Those critics were quieted quickly once the memorial opened in 1982. Any of you who have visited that site know how powerful it is – stark black granite panels containing the names of more than 58,000 Americans who died in that war. From that wall, you can turn around to see the natural beauty of Washington, and the towering Washington Monument looming overhead, but it remains a place private and intimate.

Looking at the granite panels is startling. Not only do you see the names of the dead engraved on it, but you can see yourself and your fellow visitors reflected in the highly polished stone.

Arlington National Cemetery

The mansion at Arlington National Cemetery was once the home of Robert E. Lee, but was seized by federal troops once Virginia seceeded in 1861. Burials of Union dead began on the estate in 1864, in part to ensure that the Lee family would never reoccupy the property. The bridge in the foreground is Memorial Bridge, which leads to the Lincoln Memorial in Washington, D.C.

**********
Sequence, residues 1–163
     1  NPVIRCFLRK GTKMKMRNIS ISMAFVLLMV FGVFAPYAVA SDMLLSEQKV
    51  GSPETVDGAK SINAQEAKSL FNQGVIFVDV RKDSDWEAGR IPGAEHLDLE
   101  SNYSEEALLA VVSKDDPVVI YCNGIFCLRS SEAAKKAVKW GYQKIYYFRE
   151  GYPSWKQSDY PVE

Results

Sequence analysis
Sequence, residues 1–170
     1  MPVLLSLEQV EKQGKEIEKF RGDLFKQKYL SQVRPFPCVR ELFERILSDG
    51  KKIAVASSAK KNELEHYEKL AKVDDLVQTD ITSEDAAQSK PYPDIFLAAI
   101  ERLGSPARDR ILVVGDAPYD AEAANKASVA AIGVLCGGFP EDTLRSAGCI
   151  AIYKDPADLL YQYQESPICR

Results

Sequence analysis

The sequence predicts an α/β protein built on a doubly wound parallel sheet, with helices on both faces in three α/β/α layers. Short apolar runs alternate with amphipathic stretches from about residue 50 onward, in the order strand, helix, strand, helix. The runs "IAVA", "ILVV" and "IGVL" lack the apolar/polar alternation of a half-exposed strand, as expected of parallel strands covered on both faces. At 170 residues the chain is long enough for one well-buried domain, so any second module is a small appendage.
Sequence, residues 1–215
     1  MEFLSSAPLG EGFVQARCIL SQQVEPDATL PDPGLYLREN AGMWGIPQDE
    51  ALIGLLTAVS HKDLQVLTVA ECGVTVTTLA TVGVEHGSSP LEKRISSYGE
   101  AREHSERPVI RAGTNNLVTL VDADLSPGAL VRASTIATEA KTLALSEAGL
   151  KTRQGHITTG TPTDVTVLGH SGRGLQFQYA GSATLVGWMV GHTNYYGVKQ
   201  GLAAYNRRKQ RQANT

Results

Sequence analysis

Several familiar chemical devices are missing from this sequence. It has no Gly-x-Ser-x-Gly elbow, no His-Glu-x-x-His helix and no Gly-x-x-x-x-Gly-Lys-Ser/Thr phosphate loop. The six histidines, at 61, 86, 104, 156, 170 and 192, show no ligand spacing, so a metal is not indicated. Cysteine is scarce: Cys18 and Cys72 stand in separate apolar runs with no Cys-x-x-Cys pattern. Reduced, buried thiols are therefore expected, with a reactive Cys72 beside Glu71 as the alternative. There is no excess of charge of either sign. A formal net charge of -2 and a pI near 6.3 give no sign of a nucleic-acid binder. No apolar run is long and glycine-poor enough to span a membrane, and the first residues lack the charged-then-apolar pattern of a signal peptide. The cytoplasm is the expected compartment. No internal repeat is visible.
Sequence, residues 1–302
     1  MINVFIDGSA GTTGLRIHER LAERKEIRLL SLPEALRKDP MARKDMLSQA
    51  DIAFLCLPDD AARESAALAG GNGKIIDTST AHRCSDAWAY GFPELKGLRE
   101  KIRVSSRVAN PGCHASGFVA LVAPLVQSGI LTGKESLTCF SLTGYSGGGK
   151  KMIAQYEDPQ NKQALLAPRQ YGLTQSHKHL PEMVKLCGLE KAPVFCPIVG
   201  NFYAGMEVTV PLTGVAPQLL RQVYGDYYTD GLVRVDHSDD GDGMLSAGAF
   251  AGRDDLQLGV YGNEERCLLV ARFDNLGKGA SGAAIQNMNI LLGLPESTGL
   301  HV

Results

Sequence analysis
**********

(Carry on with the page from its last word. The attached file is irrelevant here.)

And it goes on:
That monument, to me, embodies what Memorial Day is about: it commemorates and names the dead, whose stories ended on the battlefield. At the same time, the ghostly reflection of the living on the wall draws us into the ranks of the dead, showing that they are part of our ongoing story even if their voices are now stilled.

Being at that memorial can be overwhelming, even for those of us too young to have been deeply touched by the war. The sight of grown men weeping, visitors lost in contemplation, people running their fingers over the names – friends, family, or just names unknown: quiet, private moments playing out in the middle of a bustling crowd. It is a powerful reminder of the real and ongoing cost of a war even decades after it ends.

Little else in Washington, D.C. is so intimate and raw. Most of the city’s monuments and buildings are dedicated to the projection of energy and power. They are great gleaming temples of marble, towers of glass, all with flags snapping smartly from their poles. Standing on the west front of the Capitol, looking down the Mall to the Washington Monument and Lincoln Memorial, it is easy to get caught up in the pomp and pride that drives the city.